Ministry wins changes to draft law in a move to ease adoption system.
FNC agrees not to impose age cap on adoptive parents
ABU DHABI // The FNC has persuaded officials to drop a plan limiting the age of parents who want to adopt - opening the way for more children in need to find families.
The council also won a guarantee of financial support for adoptive families who fall on hard times, and more post-adoption supervision.
A draft law drawn up by the Ministry of Social Affairs would have stopped couples adopting if either the husband or wife were over the age of 50.
The FNC's health, labour and social affairs committee consulted with experts in the field before calling for that limit to be removed during a review of a draft federal law on the care of orphans.
The measure was approved by ministry officials at the committee's last meeting on Tuesday.
The bill will now be considered by the Cabinet before being passed to Sheikh Khalifa, the President, for final approval. Only then will it become law.
The legislation is intended to replace a patchwork of procedures that vary between emirates and even between institutions. The bill covers permanent fostering, which is the only type of adoption allowed under Islamic law. The law prohibits adopted children taking the name of their new family.
The committee secretary Sultan Al Sammahi (elected, Fujairah) said the age cap would have made adoption impossible for some families.
"In some cases, the husband might be 51 and the wife might be 41," Mr Al Sammahi said. "If the law stayed as it was then they would not be able to adopt. So we recommended that [the lower limit] should stay at 25, which is a reasonable age, but with no upper limit."
At a previous meeting the committee heard evidence from a manager at the Dar Zayed care home, which is home to some 400 children, and Afaf Al Marri, the director of the Sharjah Social Services Department.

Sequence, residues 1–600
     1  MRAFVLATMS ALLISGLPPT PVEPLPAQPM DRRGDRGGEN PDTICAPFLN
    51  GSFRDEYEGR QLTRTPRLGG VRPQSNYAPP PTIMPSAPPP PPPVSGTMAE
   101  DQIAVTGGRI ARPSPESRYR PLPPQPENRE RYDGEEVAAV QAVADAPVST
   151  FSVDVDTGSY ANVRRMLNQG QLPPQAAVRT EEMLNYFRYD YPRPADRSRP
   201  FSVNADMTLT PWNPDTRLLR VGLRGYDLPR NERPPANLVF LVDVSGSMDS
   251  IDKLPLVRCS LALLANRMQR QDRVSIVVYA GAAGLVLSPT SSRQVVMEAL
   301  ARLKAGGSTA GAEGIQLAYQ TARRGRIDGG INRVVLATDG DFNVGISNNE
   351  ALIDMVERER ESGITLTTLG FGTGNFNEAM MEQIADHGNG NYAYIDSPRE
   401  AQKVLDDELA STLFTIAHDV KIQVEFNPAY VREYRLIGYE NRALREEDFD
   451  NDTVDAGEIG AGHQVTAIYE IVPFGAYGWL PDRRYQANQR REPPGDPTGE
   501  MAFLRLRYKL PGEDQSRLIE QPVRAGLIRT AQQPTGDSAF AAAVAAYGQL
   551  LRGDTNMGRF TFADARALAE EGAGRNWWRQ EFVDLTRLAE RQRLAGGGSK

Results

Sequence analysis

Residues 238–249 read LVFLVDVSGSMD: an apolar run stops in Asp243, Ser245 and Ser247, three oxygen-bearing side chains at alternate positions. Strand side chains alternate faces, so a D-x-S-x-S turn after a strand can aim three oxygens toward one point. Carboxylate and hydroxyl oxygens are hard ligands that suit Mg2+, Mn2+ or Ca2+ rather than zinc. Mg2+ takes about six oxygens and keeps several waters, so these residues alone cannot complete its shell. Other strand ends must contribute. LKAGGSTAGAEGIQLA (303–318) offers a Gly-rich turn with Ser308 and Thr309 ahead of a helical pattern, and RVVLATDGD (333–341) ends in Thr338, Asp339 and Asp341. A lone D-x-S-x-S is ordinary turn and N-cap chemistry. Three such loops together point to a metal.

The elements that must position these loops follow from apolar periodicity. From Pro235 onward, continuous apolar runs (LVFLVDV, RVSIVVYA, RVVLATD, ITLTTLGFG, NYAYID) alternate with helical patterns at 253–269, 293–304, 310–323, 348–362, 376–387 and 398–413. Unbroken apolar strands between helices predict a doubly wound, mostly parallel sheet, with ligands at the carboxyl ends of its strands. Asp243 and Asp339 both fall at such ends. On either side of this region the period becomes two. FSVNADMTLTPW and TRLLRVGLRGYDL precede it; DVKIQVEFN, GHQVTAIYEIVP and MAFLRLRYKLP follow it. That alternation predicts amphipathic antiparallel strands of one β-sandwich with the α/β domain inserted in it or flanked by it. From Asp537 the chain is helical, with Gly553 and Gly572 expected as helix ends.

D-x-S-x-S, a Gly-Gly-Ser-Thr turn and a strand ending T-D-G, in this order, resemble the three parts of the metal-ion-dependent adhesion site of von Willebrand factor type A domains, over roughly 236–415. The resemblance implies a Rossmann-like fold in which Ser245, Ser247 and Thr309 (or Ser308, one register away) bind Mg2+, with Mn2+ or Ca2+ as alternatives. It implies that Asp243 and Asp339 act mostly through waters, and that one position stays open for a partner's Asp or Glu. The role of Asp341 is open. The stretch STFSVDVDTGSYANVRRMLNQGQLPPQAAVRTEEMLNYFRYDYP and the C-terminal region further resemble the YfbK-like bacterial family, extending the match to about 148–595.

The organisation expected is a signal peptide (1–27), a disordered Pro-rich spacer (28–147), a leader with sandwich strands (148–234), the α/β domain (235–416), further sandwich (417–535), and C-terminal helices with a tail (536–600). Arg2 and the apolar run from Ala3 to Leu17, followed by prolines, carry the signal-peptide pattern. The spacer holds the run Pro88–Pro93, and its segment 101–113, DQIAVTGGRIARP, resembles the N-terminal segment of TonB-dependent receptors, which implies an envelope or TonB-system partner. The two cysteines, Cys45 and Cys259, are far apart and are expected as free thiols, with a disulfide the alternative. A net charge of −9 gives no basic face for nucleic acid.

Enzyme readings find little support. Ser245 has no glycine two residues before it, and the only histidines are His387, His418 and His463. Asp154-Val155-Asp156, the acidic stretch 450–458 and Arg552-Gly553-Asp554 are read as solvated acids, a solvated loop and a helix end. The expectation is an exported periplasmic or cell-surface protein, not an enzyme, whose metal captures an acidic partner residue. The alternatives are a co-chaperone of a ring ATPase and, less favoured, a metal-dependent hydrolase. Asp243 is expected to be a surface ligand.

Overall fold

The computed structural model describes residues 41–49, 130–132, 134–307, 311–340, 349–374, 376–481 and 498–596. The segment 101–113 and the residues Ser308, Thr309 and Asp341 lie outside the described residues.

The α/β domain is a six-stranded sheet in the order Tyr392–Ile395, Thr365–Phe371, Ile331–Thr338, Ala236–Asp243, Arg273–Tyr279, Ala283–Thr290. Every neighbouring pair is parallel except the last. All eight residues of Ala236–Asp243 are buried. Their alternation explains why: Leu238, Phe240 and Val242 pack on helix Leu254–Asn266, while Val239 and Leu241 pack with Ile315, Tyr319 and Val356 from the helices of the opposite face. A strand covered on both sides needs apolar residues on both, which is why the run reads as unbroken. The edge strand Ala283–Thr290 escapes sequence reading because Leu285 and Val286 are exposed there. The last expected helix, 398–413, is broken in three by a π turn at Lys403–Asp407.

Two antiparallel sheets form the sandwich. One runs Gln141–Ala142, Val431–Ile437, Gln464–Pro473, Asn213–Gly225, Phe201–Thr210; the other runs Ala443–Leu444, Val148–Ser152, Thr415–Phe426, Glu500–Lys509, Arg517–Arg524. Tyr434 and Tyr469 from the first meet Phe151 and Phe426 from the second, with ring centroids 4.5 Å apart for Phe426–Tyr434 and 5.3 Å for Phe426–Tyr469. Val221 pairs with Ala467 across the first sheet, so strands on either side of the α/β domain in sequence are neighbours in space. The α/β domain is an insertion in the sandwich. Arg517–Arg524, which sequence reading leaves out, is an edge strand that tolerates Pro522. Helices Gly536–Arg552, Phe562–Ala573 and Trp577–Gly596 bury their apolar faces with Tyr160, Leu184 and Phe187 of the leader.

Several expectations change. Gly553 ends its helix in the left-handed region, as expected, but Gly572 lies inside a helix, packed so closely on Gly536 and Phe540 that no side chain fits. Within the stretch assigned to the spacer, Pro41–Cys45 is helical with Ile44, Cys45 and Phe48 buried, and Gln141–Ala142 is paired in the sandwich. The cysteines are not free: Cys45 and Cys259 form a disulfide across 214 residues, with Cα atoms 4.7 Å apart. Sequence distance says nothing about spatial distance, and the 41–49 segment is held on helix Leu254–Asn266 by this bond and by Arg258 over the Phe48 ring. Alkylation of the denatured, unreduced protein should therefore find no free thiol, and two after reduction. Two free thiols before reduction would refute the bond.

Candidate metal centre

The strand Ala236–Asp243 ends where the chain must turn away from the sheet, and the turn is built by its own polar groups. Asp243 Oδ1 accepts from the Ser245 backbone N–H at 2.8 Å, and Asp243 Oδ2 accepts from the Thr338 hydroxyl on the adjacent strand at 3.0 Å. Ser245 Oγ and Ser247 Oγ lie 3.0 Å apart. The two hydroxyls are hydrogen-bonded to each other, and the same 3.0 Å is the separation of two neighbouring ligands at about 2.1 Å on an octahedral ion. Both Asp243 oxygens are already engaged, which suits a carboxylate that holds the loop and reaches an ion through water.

"They asked us what do you think, as we work directly with these children," said Ms Al Marri. "We thought maybe whoever drafted the law thought that an old women in her 50s or 60s would maybe be deceased when the child was 20.
"So we thought maybe that was the reason that cap was put in the bill - but removing it would make things easier."
Ms Al Marri and Mr Al Sammahi agreed that the goal was to help as many families as possible to adopt.
On the back of her testimony the committee put forward another amendment, which was also accepted by the ministry, requiring adoptive families to sign a care contract with the orphanage from which children came.
The committee also added a clause requiring that a social worker visit adoptive families three times a year, and that financial support is provided if necessary.
"There are not a lot of cases that need financial support but there are a few," Mr Al Sammahi said. "With regular visits, these families can then be helped."
Zahra Yousef, 22, has lived at Dar Zayed since she was a baby. She said the FNC's amendments would "make a big difference".
"It is better to live with a family but not all families are good, so making sure that [social workers] will check on the children is a good amendment," she said.
Hala Kazim, a 48-year-old Emirati mother who has a 15-year-old adopted son, said 50 was young. Removing the cap would help many families to adopt, she said.
"We don't want restriction, we want to give children more chances to be adopted," Mrs Kazim said. "For some couples 50 is a good age to adopt, once they have finished raising their own and want other children."
When she first adopted from Al Wasl Hospital, social workers phoned a few times but never visited. She said visits were essential to make sure families were coping.
"I was divorced for a while and I was struggling, then later I remarried," she said. "So something like this would have really benefited me.
"Anything they can do for adopted children is great. They need a normal home."